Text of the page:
As TV festivals get more tuned in, unheard auteurs get a voice for the small screen

Tino Carlo

Tino Carlo.

By Tino Carlo, founder and director of the Jolt TV Festival

When you see the word “festival” written in trade paper headlines, you normally think of Cannes, Sundance, and recently Toronto. Festivals like those rival the Golden Globes or Oscars in terms of their celebrity sightings and taste-making influence.

Those events carry some prestige, but a TV festival can be just as glamorous? Festivals like the New York TV Festival (NYTF), ATX, SeriesFest, and the Monte-Carlo Television Festival have been growing in both number and popularity over the last 10 years. And I’d argue that they can offer more bang-for-the-buck for aspiring producers than film festivals offer aspiring filmmakers.

At film festivals, a filmmaker’s odds of getting a worthwhile experience are stunningly bleak. 50,000 independent films are produced each year. Sundance accepts only 3% of its 4,000+ yearly submissions, and the majority of the films it accepts will never recoup their production budgets.

Even with thousands of film festivals currently held each year, you could still argue that there are not enough festivals to meet filmmakers’ needs. But over the last decade, TV festivals have grown to accommodate the needs of producers, along with the needs of TV networks and digital outlets. “There’s a ton of content out there,” says founder of the New York Television Festival Terence Gray. He believes that TV festivals will continue to grow since demand for great TV programming is only getting stronger. Furthermore, the potential outlets for content (hundreds of cable channels, plus Netflix, Hulu, Yahoo!, etc.) are more numerous than anything offered at the most prestigious film festivals.

“Before an artist even arrives, their work has been seen by hundreds of decision-makers across the industry and they have additional opportunities to pitch buyers show concepts with guaranteed deals attached.” Gray continues. Festivals like NYTVF give equal value to TV executives as well. “Buyers across the spectrum – scripted, unscripted, etc. – continue to look to the NYTVF community for new voices and ideas.”

As a TV festival event manager myself, I have to figure out what makes festivals worthwhile, and I believe that good ones should be measured by the value they give to both content creators and networks looking for that content. A festival’s reputation—and hopefully my own—should be built upon the opportunities it creates for up-and-coming producers that may not have had their content seen otherwise.

This summer, Saralyn Ward became one of the newest members of the NYTVF community. A Pilates instructor and full-time mom living in suburban Colorado, Ward enlisted a friend to help her conduct on-camera interviews with other moms at a playground. The material from those candid sessions became the genesis of The Mama Sagas, a sizzle reel chosen as a finalist in the first annual 360 Unscripted Competition. The contest is sponsored by A+E Networks and is part of the many events curated by NYTVF.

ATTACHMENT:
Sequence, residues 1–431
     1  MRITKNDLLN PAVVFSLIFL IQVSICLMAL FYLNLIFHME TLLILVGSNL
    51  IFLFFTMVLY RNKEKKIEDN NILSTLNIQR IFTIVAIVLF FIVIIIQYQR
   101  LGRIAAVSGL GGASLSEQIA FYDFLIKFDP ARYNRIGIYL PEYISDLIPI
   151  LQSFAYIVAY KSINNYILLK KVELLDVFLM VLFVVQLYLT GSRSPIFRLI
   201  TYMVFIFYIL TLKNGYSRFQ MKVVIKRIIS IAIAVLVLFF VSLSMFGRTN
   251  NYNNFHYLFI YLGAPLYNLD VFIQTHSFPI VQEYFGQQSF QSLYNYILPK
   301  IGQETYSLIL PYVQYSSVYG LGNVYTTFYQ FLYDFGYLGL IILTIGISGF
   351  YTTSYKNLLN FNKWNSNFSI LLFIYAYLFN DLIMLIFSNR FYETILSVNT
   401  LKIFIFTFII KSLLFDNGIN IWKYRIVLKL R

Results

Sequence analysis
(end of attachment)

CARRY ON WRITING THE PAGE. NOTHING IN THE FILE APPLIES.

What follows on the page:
With a minimal budget and maximum conviction, Saralyn turned her homespun idea into a potential hit docu-series. “What I thought I was going to shoot with a student filmmaker on a Canon Rebel turned into a sizzle reel I’m now pitching to A&E!” exclaims Ward.

She’s about to join an impressive list of creators. In 2014, NYTVF facilitated 7 new development deals for unscripted programming. In Austin, the ATX Festival accepted 10 finalists this summer to pitch their scripted pilot concepts directly to a panel of industry professionals. The initial submission fee was only $25.

That’s value. Now, it’s easier than ever to embrace the indie spirit and send your show to festivals. With the Jolt TV Festival, I’m hoping it becomes another venue that creates opportunities for people like Saralyn. Her success story lets us know that the right people are tuning in. When we measure the true value of a festival, let’s also consider its power to inspire others to create and share. “There’s so many ways nowadays to put it out there,” Saralyn advises. “Don’t wait until the idea is perfect. Just get your art out there. Just do it!”

Tino Carlo is the Founder and Director of the Jolt TV Festival, an L.A. event dedicated to showcasing new unscripted content for television and online platforms that will hold its first event in the summer of 2016. Carlo earned his industry stripes in the NBC West Coast Page Program and has worked at Evolution Media and E! Networks. This is his first look at the growing popularity of TV festivals.

The Cynsiders column is a platform for industry leaders to reach out to colleagues, followers, and the public at large. In their own words and in targeted Q&As, columnists address breaking news, issues of the day, and the larger changes going on in the ever-evolving world of television, video and digital. Cynsiders columns live on Cynopsis’ main page and are promoted across all daily newsletters. We welcome readers’ comments, queries, and column ideas at RDawn (@)

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